Remove the covers from the tuning caps, if you haven't already.

Remove all the metal screws, nuts and washers from the topside.

Now carefully undo the nuts and washers on each of the six tuning capacitors. Be very careful that you DON'T rotate the capacitor bodies, you'll see why in a minute. Keep careful track of those very tiny washers.

Gently bend the cap wires up till they point straight up.

Lift the bottom cover off the assembly.

If you remove the can bodies at this point, keep careful track of which are which, and which end points toward the input side. They are almost identical... key word being "almost".

Now you will see why you need to be so careful with the capacitors. They are connected to the resonator by a fairly fine wire (28 or 30Ga) which is easy to snap. In my case, whoever worked on this module previously had already snapped the wire.

To repair mine, I set the capacitor in place, and resoldered the wires, very carefully.

Re-assembly is pretty much just the reverse of the above.

When you are putting the washers and nuts back on the tuning capacitors, it helps to put the jeweler's screwdriver through them, and then use the screwdriver as if to tune the caps, allowing the washer or nut to fall into place down the shaft of the screwdriver. This way, the cussed little parts have no real option except to go where you want them to go.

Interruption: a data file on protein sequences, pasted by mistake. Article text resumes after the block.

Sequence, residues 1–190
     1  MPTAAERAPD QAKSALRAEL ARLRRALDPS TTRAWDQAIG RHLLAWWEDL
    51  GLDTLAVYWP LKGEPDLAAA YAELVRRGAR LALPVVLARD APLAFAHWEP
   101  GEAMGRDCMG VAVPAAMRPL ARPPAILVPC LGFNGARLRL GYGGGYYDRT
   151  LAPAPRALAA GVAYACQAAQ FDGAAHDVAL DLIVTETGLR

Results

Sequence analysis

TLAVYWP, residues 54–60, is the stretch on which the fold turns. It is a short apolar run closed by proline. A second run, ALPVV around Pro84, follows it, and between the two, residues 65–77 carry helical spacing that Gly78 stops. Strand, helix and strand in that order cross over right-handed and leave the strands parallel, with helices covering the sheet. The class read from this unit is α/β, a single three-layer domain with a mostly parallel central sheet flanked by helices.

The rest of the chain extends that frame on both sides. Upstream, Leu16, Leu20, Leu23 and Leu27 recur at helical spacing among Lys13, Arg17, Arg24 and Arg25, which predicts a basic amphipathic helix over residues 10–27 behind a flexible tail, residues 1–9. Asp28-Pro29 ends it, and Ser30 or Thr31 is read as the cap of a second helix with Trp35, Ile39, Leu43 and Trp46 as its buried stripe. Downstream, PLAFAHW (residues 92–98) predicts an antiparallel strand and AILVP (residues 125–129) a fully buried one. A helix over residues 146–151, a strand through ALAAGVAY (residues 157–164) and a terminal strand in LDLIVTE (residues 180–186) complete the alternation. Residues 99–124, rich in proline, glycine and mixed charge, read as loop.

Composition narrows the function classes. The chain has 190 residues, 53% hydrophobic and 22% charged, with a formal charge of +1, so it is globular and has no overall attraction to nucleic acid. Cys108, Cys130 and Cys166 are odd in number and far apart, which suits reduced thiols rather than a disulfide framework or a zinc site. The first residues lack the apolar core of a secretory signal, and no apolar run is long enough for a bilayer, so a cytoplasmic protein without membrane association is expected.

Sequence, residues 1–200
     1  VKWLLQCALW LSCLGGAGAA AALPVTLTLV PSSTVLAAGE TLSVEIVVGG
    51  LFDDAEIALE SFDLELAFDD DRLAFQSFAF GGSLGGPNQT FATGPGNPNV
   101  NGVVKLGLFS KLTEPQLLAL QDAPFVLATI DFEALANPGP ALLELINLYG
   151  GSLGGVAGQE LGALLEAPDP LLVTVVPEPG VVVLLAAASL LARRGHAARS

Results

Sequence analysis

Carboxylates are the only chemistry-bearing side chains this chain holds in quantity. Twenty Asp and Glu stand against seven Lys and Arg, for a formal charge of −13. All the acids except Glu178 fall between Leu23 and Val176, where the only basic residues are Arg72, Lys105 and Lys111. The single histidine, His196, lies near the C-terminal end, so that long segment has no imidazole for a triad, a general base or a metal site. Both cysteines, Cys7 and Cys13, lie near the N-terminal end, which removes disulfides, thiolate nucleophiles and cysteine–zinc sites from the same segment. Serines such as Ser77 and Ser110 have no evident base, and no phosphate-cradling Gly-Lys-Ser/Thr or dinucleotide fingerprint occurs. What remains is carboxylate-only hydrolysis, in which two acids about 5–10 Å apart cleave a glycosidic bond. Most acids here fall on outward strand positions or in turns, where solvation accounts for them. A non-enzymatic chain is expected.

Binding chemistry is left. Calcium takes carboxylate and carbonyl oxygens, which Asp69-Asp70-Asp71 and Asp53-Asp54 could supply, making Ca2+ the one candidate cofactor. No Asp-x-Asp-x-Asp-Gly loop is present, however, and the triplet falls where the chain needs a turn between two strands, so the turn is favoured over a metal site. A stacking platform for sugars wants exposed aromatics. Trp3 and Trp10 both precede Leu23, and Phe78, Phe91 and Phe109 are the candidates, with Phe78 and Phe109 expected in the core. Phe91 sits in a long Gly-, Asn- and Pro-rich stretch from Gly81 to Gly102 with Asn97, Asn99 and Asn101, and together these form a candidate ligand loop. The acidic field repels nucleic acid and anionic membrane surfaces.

When you get to the point of putting back the housing screws, do the four under the amplifier first, and tighten them completely, because you won't be able to once the amp is mounted.

When you have completed re-assembly, you'll need to re-tune. I took pictures of where my filter was before we began the disassembly, and then again after retuning. A very nice repair indeed and a fully functional filter again.


The VHF and UHF filters differ only slightly, and the procedure is pretty much the same. The VHF version simply has fewer stages to tune.

You'll need a spectrum analyzer to cover the proper range, with a tracking generator. A power supply adjusted to 9.5V and capable of at least 50mA output is required, to power the pre-amplifier. You could probably use a fresh 9V battery.